Health Commission Policy Warning
Health Commission of N.S.W.
The more abusive hospital practices began to change after 1982, when the Health Commission of NSW (having smelt a rat within
the industry some years earlier after one such case had already been heard in the Court), eventually distributed a warning
to every hospital within the State of New South Wales advising them to clean up their act and get an adoption policy together
as soon as possible in relation to the treatment of unmarried mothers as their practices were contravening the Adoption of
Children Act 1965 on mental health and legal grounds. Their staff and the hospitals could be at risk of litigation should
such mothers take action.
The following policy warning finally put the cat amongst the pigeons when it was realised that they may be at risk of litigation
and made to stand accountable for their crimes. It reads:
The Health Commission
Policy on Adoption
Dr Friend circular No: 82/297
September 1 1982.
In the early 1960's the view was commonly held that it was in the mother's interest that she not see the child she was
planning to surrender for adoption, and policies were thus followed which prevented her seeing the child. The hospitals themselves
did not doubt that they had a legal right to adopt such policies which were rarely questioned by the staff and by the mothers
A single mother whatever her age is the sole legal guardian of her child and remains so until a consent to adoption is
signed. She therefore has the rights of access to her child and cannot legally be denied this.
An adoption consent may be proved invalid under the terms of the Adoption of Children Act, 1965 (section 31 (b) if the
mother has been subject to duress or undue influence. Refusing the mother permission to see or handle her child prior to signing
the consent, or putting obstacles in the way of her asserting this right, may readily be interpreted as duress if the validity
of an adoption consent is being contested. One challenge to the validity of a consent on these grounds has already been heard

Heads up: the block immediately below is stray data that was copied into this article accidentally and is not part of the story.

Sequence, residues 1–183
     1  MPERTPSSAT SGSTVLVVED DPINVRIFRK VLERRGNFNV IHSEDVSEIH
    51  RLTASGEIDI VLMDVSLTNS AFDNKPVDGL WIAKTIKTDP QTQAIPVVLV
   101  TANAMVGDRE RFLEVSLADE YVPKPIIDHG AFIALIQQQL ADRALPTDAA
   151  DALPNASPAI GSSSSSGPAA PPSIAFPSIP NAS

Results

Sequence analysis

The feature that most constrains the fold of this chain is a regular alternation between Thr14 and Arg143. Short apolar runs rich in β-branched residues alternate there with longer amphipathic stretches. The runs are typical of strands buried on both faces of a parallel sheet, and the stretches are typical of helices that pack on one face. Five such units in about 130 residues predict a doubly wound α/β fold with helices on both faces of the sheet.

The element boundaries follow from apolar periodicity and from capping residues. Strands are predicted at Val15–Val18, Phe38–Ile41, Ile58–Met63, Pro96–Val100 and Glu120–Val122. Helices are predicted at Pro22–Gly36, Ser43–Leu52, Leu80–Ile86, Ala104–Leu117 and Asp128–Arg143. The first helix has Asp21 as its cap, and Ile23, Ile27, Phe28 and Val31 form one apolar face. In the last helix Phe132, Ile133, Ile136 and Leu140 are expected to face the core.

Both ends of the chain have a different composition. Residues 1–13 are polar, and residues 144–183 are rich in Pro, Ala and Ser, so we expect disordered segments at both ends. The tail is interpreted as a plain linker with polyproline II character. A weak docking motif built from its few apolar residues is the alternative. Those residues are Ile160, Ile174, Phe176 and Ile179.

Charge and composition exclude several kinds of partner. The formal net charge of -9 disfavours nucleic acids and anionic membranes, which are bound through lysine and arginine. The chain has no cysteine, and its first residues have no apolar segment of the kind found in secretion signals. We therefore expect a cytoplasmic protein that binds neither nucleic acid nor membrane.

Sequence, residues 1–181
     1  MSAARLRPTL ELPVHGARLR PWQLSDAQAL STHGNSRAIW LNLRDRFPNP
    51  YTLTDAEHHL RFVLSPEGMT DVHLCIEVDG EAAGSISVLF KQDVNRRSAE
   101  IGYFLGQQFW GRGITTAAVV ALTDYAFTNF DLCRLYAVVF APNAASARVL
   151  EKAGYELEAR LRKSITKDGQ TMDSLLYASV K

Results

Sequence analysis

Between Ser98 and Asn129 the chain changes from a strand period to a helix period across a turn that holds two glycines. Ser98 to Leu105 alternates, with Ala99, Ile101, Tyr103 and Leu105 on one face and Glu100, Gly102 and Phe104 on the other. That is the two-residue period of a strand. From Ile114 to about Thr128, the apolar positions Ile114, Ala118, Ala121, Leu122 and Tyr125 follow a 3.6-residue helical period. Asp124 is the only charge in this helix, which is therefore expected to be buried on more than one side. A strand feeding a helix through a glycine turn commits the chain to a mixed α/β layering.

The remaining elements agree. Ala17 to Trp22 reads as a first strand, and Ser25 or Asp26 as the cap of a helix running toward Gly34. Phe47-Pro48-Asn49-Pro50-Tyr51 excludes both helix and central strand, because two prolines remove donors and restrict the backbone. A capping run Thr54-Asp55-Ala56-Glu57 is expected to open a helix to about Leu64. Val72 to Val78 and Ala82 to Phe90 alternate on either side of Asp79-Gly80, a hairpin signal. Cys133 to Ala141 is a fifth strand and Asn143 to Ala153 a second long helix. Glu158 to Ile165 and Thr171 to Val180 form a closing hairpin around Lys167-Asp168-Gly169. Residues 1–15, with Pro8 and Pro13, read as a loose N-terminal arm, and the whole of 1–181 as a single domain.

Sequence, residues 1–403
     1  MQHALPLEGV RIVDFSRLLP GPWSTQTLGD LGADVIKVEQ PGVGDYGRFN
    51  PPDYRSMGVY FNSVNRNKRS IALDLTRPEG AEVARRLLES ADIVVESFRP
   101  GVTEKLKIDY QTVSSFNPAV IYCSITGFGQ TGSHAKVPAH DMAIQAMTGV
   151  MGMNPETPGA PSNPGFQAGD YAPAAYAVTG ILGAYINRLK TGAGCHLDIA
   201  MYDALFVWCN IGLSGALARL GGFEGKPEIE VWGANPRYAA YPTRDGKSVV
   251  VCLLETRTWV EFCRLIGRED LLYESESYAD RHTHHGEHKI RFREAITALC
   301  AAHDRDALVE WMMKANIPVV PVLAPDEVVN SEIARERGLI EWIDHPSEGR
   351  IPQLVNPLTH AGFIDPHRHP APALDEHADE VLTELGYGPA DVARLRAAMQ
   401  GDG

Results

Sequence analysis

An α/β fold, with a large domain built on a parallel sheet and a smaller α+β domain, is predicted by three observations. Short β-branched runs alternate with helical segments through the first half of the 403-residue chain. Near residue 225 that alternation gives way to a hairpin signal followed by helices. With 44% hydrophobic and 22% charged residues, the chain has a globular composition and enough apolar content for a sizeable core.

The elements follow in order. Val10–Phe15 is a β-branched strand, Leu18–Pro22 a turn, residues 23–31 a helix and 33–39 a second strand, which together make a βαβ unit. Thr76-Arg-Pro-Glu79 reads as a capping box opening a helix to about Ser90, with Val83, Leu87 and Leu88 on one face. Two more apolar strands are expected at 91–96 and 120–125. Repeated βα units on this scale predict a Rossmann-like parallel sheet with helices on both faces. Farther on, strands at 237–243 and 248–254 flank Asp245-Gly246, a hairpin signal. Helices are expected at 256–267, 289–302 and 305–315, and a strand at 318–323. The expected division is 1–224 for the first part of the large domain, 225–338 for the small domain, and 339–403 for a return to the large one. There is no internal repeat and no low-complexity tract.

in the New South Wales Supreme Court. In the same context any comments or actions by staff members which the mother could
see as pressure to persuade her to place her baby for adoption run the risk of later bearing the legal interpretation of duress.
Anyone found in these circumstances to have exerted "undue pressure" is liable to prosecution under section 51 of the Act.
It is the experience of adoption workers that most women planning to give up a child now see their child. The majority
of these do sign a consent and allow the adoption to proceed. Thus contrary to common belief, experience suggests that there
is no negative relationship between a mother seeing her child and signing a consent to adoption or revoking such consent.
2.1 Need for a written policy Each hospital should devise a written policy, easily accessible to all hospital
staff dealing with adopting mothers. (I think they meant surrendering mothers)
2.2 LEGAL ASPECTS
2.2.1 The legal rights under Common Law of the mother prior to signing a consent to adoption must be recognised
as being no less than those possessed by any other mother.
2.2.2 Staff should be aware of the legal complications that may arise in denying or interfering with these rights
both in relation to the security of the child's adoption and to their own vulnerability to prosecution.
2.2.3 A part of the mothers rights as guardian of her child is her right to information concerning any medical
problems or physical deformity suffered by the child, or any fact which could influence the decision to surrender the child.
3.1. Before the signing of the consent:
3.1.1. At delivery the relationship between the mother and the child is clearly recognisable to staff. There
should therefore be no bar to the mother being shown and/or handling her child at this time, should she wish to do so, providing
this is medically feasible.
3.1.2. The usual practice is for the baby to be taken to a nursery away from the mother, shortly after birth.
While this seems to be in line with the needs and desires of most mothers considering adoption, it should not prevent the
hospital agreeing to a mother's request to care for her child in other ways, e.g. Rooming-in, breastfeeding.
3.1.3. When the baby is being cared for in a hospital nursery, the mother should know where the baby is located
and be informed of hospital procedures for visiting the baby.
3.1.5 Where the baby has any abnormality, illness or other medical problem, the mother must be informed. Otherwise
there is a danger of the mother's consent being invalid.
NATURE OF PROBLEM
A contributing factor in this was the identification by the Standing Committee of a number of practices occurring in some
public hospitals in relation to adoption matters which are contra-indicated on either mental health or legal grounds. These
* Undue pressure being placed on unmarried women to surrender their infants for adoption (an offence under section 31 of
the Adoption of Children Act)
* Unwillingness on the part of hospital personnel to grant the same rights of information and contact with their infants
as women who are considering surrendering their infants for adoption as are accorded other women.
EXTENT OF THE PROBLEM
Of the 356 infants of less than three months placed with adoptive parents in 1979-80 (a similar figure is expected for
1980-81) almost all were surrendered while the biological mother was still in hospital. It is not possible to estimate what
percentage of these women had unhelpful experiences while hospitalised: the problem is reported to be small but persistent.